-Daddy

Definitely a K recovery. Anything given to the top goes into financial products. Anything given to the bottom is spent on booze and rioting. Supporting otherwise insolvent companies can be a slippery slope politically with such a large wage disparity within them.

TransWorld 09-27-2020 08:38 PM


Originally Posted by howdyclub (Post 3136510)
Definitely a K recovery. Anything given to the top goes into financial products. Anything given to the bottom is spent on booze and rioting. Supporting otherwise insolvent companies can be a slippery slope politically with such a large wage disparity within them.

Although I did not hear it called as such, 2-3 years ago, many were claiming a K recovery. ďThe rich are getting richer and the poor are getting poorer.Ē Before COVID-19, the facts were those at the low end of the income were getting a higher percentage of income increases than those at the top end. Those typically chronically underemployed groups were seeing all time record low unemployment rate. Food for thought.

Lucifer 09-28-2020 04:32 AM


Originally Posted by TransWorld (Post 3136737)
Although I did not hear it called as such, 2-3 years ago, many were claiming a K recovery. ďThe rich are getting richer and the poor are getting poorer.Ē Before COVID-19, the facts were those at the low end of the income were getting a higher percentage of income increases than those at the top end. Those typically chronically underemployed groups were seeing all time record low unemployment rate. Food for thought.

Good food is often wasted on the unappreciative.....

howdyclub 09-28-2020 06:45 AM


Originally Posted by TransWorld (Post 3136737)
Although I did not hear it called as such, 2-3 years ago, many were claiming a K recovery. ďThe rich are getting richer and the poor are getting poorer.Ē Before COVID-19, the facts were those at the low end of the income were getting a higher percentage of income increases than those at the top end. Those typically chronically underemployed groups were seeing all time record low unemployment rate. Food for thought.

That is typical late in an economic cycle. Look at the situation right now, the rich have been made whole while the bottom third are experiencing unemloyment at historic levels. Trickle was the key word in "Trickle Down Economics"!

VisionWings 09-29-2020 06:05 AM


Originally Posted by TransWorld (Post 3136737)
Although I did not hear it called as such, 2-3 years ago, many were claiming a K recovery. ďThe rich are getting richer and the poor are getting poorer.Ē Before COVID-19, the facts were those at the low end of the income were getting a higher percentage of income increases than those at the top end. Those typically chronically underemployed groups were seeing all time record low unemployment rate. Food for thought.


Iíll bite. Skip to 4:31 if you donít have 10 minutes of your life to spend on understanding wealth inequality. Iíll phrase one ethical question to you regarding creation of wealth. If you create an idea are you entitled to the majority of wealth generated by that idea. Letís says you have an idea that generates 10,000$ and you cannot do it alone. In fact you need 2,000 people for your idea to work. You decide to pay each of those people 2$ for their part while you keep 6,000$ for the idea that couldnít function without a great many supports doing all the leg work. Is this ethical? Is this right? Thatís late stage capitalism. Also consider how everything today is stock prices value of the company. You work to make the shareholders money. They do nothing but let money sit there in a hypothetical ownership. While you bust your but for a small paycheck. We need to reconsider who actually makes the world go around. Itís not ideas itís people it has always been people. But today you can be a lazy rich person give money to people and keep majority of profit. Thatís late stage capitalism.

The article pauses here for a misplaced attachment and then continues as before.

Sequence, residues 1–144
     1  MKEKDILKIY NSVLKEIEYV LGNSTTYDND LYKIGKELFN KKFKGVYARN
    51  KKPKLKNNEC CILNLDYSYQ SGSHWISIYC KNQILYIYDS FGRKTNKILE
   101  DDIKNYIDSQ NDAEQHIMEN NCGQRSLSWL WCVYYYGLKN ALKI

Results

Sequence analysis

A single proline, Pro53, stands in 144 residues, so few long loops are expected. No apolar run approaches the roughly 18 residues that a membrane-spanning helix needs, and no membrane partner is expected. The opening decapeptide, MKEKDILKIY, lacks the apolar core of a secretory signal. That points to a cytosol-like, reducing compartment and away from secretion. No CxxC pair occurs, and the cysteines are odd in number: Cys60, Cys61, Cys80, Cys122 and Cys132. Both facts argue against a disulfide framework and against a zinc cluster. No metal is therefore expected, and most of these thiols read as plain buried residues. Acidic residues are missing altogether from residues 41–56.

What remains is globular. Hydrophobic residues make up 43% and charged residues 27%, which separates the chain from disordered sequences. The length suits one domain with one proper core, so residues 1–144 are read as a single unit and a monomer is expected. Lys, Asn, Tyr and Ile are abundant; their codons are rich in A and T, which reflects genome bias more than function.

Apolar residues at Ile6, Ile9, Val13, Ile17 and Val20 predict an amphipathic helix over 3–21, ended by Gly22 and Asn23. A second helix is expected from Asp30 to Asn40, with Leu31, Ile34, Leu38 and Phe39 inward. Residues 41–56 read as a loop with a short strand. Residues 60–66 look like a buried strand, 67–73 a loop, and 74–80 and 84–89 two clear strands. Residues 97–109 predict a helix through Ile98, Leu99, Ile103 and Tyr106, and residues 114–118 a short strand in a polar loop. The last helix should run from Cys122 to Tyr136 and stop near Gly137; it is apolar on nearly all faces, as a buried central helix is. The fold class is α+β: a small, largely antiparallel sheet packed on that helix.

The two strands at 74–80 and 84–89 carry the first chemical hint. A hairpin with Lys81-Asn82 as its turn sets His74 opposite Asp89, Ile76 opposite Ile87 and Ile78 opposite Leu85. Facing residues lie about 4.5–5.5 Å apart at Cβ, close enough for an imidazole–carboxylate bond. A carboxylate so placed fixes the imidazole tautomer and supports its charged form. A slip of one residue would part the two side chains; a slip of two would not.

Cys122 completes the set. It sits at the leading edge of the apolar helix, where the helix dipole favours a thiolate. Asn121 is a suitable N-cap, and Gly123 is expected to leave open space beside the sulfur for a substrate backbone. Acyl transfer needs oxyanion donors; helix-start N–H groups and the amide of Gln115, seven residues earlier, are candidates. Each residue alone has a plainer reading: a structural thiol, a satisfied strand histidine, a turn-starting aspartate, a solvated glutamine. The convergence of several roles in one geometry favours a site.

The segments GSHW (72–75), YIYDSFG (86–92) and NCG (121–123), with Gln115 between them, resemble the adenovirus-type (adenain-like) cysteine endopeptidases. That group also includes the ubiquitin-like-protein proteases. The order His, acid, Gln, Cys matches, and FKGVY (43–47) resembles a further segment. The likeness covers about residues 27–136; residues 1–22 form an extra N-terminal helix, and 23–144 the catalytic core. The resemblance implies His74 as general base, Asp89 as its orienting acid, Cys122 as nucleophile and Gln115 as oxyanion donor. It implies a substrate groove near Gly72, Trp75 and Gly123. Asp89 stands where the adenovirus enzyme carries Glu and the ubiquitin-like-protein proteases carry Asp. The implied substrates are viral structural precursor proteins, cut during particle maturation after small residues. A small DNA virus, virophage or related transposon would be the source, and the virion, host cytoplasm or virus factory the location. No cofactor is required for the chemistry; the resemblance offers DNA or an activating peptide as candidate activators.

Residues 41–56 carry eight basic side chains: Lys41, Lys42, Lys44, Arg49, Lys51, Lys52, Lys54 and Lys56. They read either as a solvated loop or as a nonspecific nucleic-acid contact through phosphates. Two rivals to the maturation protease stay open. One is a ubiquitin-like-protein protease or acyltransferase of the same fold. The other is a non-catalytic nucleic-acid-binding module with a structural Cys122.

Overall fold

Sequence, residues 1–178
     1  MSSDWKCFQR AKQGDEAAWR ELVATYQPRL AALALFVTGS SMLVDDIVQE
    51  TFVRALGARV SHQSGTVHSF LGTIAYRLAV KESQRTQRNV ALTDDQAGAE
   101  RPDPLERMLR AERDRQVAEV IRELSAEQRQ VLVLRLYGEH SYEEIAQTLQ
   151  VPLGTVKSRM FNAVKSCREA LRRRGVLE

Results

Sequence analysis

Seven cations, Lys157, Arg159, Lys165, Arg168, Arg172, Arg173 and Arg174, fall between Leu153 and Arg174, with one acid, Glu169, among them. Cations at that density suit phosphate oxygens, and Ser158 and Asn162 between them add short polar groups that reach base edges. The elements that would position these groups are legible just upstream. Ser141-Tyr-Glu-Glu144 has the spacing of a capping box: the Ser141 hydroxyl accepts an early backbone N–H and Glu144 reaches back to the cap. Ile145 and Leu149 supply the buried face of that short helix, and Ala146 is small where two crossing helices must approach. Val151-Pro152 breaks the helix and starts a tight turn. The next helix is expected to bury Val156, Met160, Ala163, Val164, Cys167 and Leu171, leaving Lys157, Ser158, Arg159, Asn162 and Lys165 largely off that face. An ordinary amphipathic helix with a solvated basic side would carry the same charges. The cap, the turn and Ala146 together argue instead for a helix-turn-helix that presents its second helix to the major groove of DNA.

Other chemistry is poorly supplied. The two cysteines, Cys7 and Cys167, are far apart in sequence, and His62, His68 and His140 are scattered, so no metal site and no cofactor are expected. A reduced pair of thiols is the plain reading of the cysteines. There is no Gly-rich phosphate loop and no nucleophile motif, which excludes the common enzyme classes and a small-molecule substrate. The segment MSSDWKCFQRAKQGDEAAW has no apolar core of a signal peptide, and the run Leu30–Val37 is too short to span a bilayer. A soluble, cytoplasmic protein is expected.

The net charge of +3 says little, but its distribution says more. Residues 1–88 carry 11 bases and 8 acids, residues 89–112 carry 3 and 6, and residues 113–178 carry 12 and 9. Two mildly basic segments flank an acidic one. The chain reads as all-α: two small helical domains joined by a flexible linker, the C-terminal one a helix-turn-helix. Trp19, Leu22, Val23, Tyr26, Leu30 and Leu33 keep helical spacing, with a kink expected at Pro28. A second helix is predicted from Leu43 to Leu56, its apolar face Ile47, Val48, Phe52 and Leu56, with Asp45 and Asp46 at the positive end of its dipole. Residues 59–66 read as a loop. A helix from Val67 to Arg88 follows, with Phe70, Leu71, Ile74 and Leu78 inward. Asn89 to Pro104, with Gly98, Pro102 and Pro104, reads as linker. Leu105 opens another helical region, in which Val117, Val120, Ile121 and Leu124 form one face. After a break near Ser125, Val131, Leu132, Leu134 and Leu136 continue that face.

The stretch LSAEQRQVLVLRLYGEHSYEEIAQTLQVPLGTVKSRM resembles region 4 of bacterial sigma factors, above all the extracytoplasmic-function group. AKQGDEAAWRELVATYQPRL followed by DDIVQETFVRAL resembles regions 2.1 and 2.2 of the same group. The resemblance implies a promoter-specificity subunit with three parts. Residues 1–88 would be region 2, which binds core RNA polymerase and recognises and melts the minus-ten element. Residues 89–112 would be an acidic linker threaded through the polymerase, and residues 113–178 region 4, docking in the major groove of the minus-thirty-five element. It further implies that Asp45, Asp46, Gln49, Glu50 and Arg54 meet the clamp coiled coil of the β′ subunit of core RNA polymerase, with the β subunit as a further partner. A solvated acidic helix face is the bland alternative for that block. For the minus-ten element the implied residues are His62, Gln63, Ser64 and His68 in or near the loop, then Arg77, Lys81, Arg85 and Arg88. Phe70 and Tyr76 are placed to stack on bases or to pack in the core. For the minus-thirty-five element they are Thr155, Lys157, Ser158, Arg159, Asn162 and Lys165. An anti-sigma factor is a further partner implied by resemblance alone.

https://www.youtube.com/watch?v=caBD...&feature=share

Duffman 09-29-2020 07:11 AM


Originally Posted by howdyclub (Post 3136510)
Definitely a K recovery. Anything given to the top goes into financial products. Anything given to the bottom is spent on booze and rioting. Supporting otherwise insolvent companies can be a slippery slope politically with such a large wage disparity within them.


... Except for all the wealth that gets ferried off-shore to avoid taxes or hoarded in safe-haven investments. Even the money that gets invested in the stock market only stands to really benefit the shareholders (55% of Americans), and that's only until a crash leaves your average investor holding the bag while the market movers with inside info get out at the top and buy back in at the bottom. Funding an IPO or SPAC generates tech and jobs, but that's a small part of the market.


If anything, giving money to poor people is a lot more likely to 'trickle up' because they're more likely to actually spend it on goods and services, driving the financial engine. I think people should be rewarded for their financial prowess and hard work, and people who want free rides should be punished, but the 'trickle down' theory is just a sales pitch that the rich use to convince suckers that they need lower taxes, which ironically go to pay for the services that those very poor people are most likely to need.


Trickle down might've been useful in 1980, when the top 1% were getting taxes at 70%, but nowadays their tax bracket isn't that much higher than the middle class. The way our financial institution works, it's a lot easier to go from $1M to $10M than from $10k to $100k. From the other side, trickle down makes it harder for new businesses to emerge because the bottom 90% of tax payers are shouldering more of the tax burden, which cuts directly into their necessities, preventing them from ever generating enough capital to get off the ground. Bezos can risk $1M and not care, I can't, and considering we're at record unemployment with a stock market at ATHs, the rich are being rewarded plenty, right now. They've beat the caricature of welfare mamas to death, but for some reason, it keeps working. There's a balance and it's very out-of-whack.